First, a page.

carbon monoxide and low oxygen detector

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Old 09-24-20, 08:02 AM
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carbon monoxide and low oxygen detector

Hi, Anybody know of a good carbon monoxide and low oxygen detector alarm. I have a vent free heater in the garage and would like to be recommended one. Safety first right...

 
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Old 09-24-20, 08:45 AM
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Go to your local home improvement store. Most carry the Kidde line of products and they are the leading suppliers of detectors.

You can get straight CO, CO/smoke and CO/explosive gasses detectors.
As far as I know.... nothing low cost to measure low oxygen.
A straight CO detector would be most beneficial in your application. You can get battery only or battery/electric. I'm partial to the combo units and have several in my home as well as in many customers homes. I like the LED display to let me know it's working.

Kidde CO detector

A small amount of fresh air should always be allowed into a room using a vent free heater.
 
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Old 09-24-20, 09:00 AM
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The good news is your if your vent free heater is less than 20+ years old it has a low oxygen shutoff built in.
 
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Old 09-28-20, 08:47 PM
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"UL 2034 / CSA 6.19 approved alarms must adhere to the following alarm test points and minimum exposure times:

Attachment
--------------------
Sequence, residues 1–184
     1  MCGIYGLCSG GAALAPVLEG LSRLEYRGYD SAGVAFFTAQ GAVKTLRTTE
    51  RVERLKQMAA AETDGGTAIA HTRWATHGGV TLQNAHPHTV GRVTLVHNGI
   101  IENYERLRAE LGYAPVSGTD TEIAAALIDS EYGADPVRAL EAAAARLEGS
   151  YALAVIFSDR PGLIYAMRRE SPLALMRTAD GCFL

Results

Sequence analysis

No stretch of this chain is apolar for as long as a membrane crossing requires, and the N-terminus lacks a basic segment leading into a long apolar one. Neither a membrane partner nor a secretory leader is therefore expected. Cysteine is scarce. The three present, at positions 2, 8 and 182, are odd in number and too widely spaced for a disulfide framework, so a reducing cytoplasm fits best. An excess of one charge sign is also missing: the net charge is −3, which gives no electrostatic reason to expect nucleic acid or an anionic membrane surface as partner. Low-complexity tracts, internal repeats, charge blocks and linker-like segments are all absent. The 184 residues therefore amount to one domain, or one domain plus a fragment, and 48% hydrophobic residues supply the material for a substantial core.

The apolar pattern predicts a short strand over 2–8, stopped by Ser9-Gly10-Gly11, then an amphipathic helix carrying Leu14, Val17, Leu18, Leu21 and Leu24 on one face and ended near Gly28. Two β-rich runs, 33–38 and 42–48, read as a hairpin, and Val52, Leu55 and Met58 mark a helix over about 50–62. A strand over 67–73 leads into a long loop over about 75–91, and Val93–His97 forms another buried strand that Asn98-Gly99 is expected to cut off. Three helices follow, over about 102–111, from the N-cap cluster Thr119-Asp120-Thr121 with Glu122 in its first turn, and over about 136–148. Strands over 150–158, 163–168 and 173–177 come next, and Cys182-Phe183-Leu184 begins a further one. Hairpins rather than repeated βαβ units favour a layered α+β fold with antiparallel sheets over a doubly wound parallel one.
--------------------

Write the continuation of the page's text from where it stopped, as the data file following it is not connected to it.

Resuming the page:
Note: Carbon Monoxide is measured and displayed in “PPM” or parts per million.
  • 0 – 29 PPM – The detector must remain silent. If it has a digital display, it must show a zero reading.
  • 30 PPM – 69 PPM – If the carbon monoxide level remains in this range for a minimum of 30 days, the audible alarm may sound. If the unit has a digital display, it should display the CO level provided it is 30 ppm or higher.
  • 70 PPM – 149 PPM – The alarm must sound when levels reach this range for between 60 – 240 minutes.
  • 150 PPM – 399 PPM – The alarm must sound if the carbon monoxide level remains in this range for between 10 – 50 minutes.
  • 400 PPM + – The alarm must sound if the carbon monoxide level remains at or above this level for between 4 – 15 minutes.""
Ref: How Standard Alarms Work ? CO Experts

UL approved co alarms do not provide protection from low levels.

At a minimum, get a unit with a digital display that allows you to check peak levels and reads down to 11ppm.

If you want real protection, get a co monitor. They cost a lot.
 
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Old 09-29-20, 05:15 AM
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Remember, those vent free open flame heaters are not supposed to be used in any space that has a car or other gasoline fueled devices or any stored flammable fuels and that when they are being used they produce a lot of water vapor that can raise the humidity level and cause things to rust.

This may not be the answer you are looking for but is a safety warning
 
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Old 09-29-20, 07:29 AM
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Anything with a flame should be at least 18" above the garage's floor. This goes for water heaters & furnaces as well. Gasoline vapors are heavier than air. Because of the gases density it cannot rise to the 18" height of the flame which helps reduce the chance of fire or explosion.
 
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